Chrysler Through the Years
March 13, 2009
Chrysler Corporation had its beginnings in the Maxwell Motor Company. Maxwell had brought Walter Chrysler, the founder of Chrysler Corporation, on board in the early 1920’s to assist in turning around the Maxwell’s ailing bottom line. Walter Chrysler had previously been successful in reviving another car company that had found itself in similar straits. Maxwell Motor company was effectively reorganized and then reborn as the Chrysler Corporation.
The new company earned a reputation for innovative engineering and Chrysler Corporation was became a power to be reckoned with. So much so, that in 1928 Chrysler was able to purchase Dodge and with this created the DeSoto and Plymouth divisions.
Although no company escaped the devastating effects of the depression era, Chrysler was able to hang on by producing entry level Dodge and Plymouth vehicles that harkened back to earlier styles and then to sell these vehicles at much lower prices. This strategy proved so successful Chrysler continued to see strong sales in these lines throughout the lean years of early 1930’s. Chrysler was so successful with its newest engineering designs that by 1936 it captured second place in sales in the United States and would not relinquish this position until 1949.
The 1950’s would see Chrysler’s greatest engineering feat to date with the introduction of the revolutionary “Hemi” in 1951. With 185 romping, stomping horses, the hemi buried its predecessor the 135hp V8 and accomplished exactly what is was meant to, complete domination of the market, at least for a time. The introduction of the powerful Hemi by Chrysler ushered in Detroit’s horse power race that existed throughout the ‘50’s and 60’s.
By 1961, Chrysler was leading the pack in innovative engineering. Chrysler was the first to redesign a cars charging system by replacing generators with alternators. Chrysler also made the decision to drop the DeSoto line at this time. In the latter half of the 1960’s Chrysler also became closely involved with NASCAR. Chrysler’s involvement with NASCAR was instrumental in creating its legendary string of the world’s first reasonably priced high performance vehicles. With the experience derived from NASCAR and the addition of a street version of its Hemi racing engine the now famous Plymouth GTX, Plymouth Road Runner and Dodge Charger were born. These cars were so successful on the NASCAR circuit, that demand for the street versions quickly exceeded the number being produced. Dealerships all over the country had waiting lists full of people looking to buy the famous cars.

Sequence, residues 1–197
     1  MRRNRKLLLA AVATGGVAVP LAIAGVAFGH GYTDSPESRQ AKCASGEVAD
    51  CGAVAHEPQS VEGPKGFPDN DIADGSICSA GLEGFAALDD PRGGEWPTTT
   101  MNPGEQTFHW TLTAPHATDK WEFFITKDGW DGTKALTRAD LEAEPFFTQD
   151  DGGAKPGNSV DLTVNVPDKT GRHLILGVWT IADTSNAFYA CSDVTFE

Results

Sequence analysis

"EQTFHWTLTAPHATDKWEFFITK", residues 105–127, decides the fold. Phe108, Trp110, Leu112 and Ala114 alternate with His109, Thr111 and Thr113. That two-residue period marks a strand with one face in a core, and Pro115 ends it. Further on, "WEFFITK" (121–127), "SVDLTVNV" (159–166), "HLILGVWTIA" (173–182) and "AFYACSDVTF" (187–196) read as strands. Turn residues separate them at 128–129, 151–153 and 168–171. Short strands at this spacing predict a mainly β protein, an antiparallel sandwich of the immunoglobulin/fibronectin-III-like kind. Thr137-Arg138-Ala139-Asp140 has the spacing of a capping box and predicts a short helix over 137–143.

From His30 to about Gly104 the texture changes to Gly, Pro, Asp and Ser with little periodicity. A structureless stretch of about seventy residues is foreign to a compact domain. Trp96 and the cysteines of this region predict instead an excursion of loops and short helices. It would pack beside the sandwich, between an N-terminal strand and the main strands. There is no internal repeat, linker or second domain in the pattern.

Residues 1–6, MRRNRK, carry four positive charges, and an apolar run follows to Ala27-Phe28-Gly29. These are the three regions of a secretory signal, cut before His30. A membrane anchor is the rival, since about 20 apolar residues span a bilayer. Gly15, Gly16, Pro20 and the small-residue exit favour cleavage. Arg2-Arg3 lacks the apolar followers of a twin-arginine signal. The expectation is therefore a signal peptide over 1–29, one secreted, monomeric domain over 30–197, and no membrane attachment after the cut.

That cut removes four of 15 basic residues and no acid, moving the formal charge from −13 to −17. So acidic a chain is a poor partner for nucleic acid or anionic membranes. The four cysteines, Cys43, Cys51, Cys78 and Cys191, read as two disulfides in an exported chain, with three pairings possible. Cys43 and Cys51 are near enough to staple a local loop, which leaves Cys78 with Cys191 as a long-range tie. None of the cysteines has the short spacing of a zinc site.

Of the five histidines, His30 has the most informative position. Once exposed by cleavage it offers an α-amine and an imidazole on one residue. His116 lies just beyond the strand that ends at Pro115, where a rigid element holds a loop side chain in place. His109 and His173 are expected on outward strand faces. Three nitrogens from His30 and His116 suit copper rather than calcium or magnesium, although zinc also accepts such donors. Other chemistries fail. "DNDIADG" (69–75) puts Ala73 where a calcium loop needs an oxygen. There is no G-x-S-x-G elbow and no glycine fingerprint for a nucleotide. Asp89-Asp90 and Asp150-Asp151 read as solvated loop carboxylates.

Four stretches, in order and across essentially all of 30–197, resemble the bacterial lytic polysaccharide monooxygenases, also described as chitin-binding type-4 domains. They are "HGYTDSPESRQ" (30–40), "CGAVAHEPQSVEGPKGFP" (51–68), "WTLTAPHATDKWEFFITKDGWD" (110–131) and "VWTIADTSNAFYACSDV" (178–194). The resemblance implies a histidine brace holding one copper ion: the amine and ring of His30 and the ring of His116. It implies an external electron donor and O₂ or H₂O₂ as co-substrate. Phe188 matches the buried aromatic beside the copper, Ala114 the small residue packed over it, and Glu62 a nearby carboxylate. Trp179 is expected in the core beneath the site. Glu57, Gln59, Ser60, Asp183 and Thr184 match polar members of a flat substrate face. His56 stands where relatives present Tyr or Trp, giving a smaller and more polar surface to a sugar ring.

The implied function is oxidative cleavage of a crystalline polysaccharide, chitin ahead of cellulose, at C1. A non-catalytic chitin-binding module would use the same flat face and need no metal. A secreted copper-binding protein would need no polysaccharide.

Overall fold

For all the forward thinking Chrysler had done early it in its beginnings, it was the exact opposite that was very nearly the downfall for all the Big Three Car makers. The U.S. government had been planning new EPA emissions for some time and the implementation of these stricter laws coupled with the oil crisis of 1973 left Chrysler scrambling to play catch up. The popular muscle cars that had sold so well had not been developed with much regard for the economy of emissions but now all automobile manufacturers had to develop smaller, lighter engines that ran cleaner by still produced enough power to move large cars. The Japanese had kept up with the coming changes to the emissions standards and were light years ahead of Chrysler. It did not help that the Japanese cars were already much lighter than their American counter parts to begin with. Chrysler was very much aware of this fact and in 1971 decided to join forces in part and bought a 15% stake of Mitsubishi Motors. This proved a disastrous move for Chrysler and by the late 1970’s, it was forced to borrow $1.5 billion from the government just to avoid bankruptcy.
Several good things happened for Chrysler in early ‘80’s including the acquisition of AMC (which brought with it the popular Jeep brand), the creation of the minivan and some impressive campaigning by Chairman Lee Iacocca. Sales improved dramatically and Chrysler was able to pay off its loan 7 years early.
Success continued through the 1990’s and in 1998 Daimler merged with Chrysler to form Daimler Chrysler. This was never a stable venture and Chryslers’ reliance on high-powered gas guzzling cars caught Daimler complete by surprise. The company’s financial situation never stabilized and Daimler sold Chrysler for a loss in 2007.
By December 2008, things had continued to spiral downward and Chrysler announced that the company might not survive past 2009. On December 19, President George W. Bush announced a bailout for American automakers including Chrysler. At this time, it is unclear whether this will be enough to pull Chrysler back from the brink.
Ronnie Tanner is a contributing writer at SWEngines. He writes about used Chrysler engines and choosing this as an alternative to costly car purchases.
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